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2016 budget lump sums face scrutiny

The House committee on appropriations starts today its deliberations on the proposed P3.002-trillion national budget for 2016. File photo/Ernie Peñaredondo

MANILA, Philippines - The House committee on appropriations starts today its deliberations on the proposed P3.002-trillion national budget for 2016 even as anti-corruption watchdogs said they have detected at least P500 billion in lump sum funds that are prone to abuse in an election year.

The deliberations in the panel, chaired by Davao City Rep. Isidro Ungab, will start with a briefing by members of the Development Budget Coordinating Committee (DBCC), the inter-agency body that determines the overall economic targets, expenditure levels and budget of the government.

Speaker Feliciano Belmonte Jr. earlier said Congress would study the budget proposal well to ensure government programs and their funding are justified.

Based on sector, social services will have the biggest allocation of P1.1059 trillion, which is 36.8 percent of the proposed budget.

Economic services took the second largest with P829.6 billion or 27.64 percent of the proposed budget, with transport and communications infrastructure getting the bulk.

General public services will get P517.9
billion, debt burden P419.3 billion, and interest payment P392.8 billion.

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Defense will get P129.1 billion to fund the Armed Forces modernization in light of the territorial disputes in the West Philippine Sea.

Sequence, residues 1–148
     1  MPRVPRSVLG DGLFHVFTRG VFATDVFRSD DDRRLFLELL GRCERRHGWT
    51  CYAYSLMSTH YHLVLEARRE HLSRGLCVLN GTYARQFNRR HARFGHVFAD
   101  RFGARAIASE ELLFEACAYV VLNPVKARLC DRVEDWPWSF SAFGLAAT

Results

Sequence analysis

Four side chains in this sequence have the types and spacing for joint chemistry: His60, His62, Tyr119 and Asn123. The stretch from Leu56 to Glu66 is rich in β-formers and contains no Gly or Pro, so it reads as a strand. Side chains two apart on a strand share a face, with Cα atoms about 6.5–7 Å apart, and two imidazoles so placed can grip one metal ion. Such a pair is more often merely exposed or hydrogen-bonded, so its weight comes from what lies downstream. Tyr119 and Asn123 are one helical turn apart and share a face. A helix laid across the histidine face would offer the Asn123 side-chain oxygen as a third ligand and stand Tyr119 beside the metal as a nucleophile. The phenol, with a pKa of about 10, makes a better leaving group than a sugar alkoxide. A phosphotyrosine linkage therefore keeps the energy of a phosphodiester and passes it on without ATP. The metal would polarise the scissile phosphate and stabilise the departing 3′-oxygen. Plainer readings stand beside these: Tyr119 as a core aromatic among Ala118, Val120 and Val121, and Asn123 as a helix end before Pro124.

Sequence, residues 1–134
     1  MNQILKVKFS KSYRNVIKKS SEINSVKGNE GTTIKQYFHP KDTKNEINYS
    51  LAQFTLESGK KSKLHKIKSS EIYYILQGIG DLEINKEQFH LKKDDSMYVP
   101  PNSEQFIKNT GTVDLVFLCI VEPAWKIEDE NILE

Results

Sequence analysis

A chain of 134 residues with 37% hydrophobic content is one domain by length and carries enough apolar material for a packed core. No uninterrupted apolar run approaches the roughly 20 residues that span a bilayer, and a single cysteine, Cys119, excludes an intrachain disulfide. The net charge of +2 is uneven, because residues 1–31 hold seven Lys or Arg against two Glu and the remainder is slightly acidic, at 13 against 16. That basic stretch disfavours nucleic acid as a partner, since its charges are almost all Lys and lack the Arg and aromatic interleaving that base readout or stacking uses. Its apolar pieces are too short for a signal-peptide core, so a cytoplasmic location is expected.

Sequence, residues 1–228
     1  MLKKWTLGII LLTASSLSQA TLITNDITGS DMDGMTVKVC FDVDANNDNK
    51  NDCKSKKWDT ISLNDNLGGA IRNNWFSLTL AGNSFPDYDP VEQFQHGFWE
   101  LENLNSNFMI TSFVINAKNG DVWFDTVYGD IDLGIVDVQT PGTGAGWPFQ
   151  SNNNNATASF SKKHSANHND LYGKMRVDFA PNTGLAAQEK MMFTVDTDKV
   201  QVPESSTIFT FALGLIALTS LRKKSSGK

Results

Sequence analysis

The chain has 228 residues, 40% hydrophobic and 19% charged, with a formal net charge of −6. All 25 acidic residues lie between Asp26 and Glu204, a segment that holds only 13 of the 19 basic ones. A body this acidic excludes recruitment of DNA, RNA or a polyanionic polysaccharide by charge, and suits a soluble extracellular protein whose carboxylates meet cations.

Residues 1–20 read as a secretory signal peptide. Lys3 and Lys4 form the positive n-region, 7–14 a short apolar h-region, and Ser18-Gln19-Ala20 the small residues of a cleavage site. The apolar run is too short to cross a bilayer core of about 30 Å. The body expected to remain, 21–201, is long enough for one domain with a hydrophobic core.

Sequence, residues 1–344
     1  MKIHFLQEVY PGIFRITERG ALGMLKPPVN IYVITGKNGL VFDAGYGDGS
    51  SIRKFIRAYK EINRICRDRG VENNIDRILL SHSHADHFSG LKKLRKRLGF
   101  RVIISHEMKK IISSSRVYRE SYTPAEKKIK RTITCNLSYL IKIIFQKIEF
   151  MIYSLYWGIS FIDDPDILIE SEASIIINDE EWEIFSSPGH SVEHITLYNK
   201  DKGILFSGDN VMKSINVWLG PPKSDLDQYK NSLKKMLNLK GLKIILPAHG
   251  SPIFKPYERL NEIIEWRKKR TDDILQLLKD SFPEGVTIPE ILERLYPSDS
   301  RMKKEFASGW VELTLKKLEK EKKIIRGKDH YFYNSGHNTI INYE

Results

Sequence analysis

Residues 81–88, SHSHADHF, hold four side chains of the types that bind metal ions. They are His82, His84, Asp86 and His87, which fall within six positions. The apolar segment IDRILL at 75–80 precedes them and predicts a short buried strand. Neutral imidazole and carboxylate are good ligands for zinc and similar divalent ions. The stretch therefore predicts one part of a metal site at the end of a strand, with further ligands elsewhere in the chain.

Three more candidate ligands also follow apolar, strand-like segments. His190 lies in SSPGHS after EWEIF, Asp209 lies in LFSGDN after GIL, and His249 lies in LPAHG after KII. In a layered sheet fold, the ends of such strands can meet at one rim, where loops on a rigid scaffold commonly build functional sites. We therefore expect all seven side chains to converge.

But former national treasurer Leonor Briones, lead convenor of Social Watch Philippines, said red flags were found in the proposed budget – including the P500 billion lump sums, special purpose funds, and un-programmed funds, which President Aquino can use at his discretion.

“Since this year and 2016, the budget will be a big influence in the elections – that’s been the practice,” Briones told dzBB.

“Of course if you’re the administration and you have a candidate, there’s always the preference for areas where your party is strong or where your candidate is based,” she said, adding regions identified with the opposition are expected to have less from the budget.

She warned the administration would embark on various projects, of which many will be “unsustainable” or discontinued after the elections.

Among the lump sum funds reported earlier were the P430.4-billion special purpose funds (SPF), which was increased by P61.7 billion for 2016; the P74.9 billion allocated for local governments (broken down as P56.5 billion for local government units and P18.4 billion for local government support fund); and P8.3 billion for Department of the Interior and Local Government (DILG) projects.

Free debates

Ungab encouraged his colleagues to actively participate in the deliberations, pointing out that free and full debates on the proposed budget will be allowed.

“We will focus first on the macro-economic assumptions and the general parameters the administration used in putting together the proposed national budget for next year. After that, we will go into the details – department by department, agency by agency. We hope to do that in the next two to three weeks,” he said.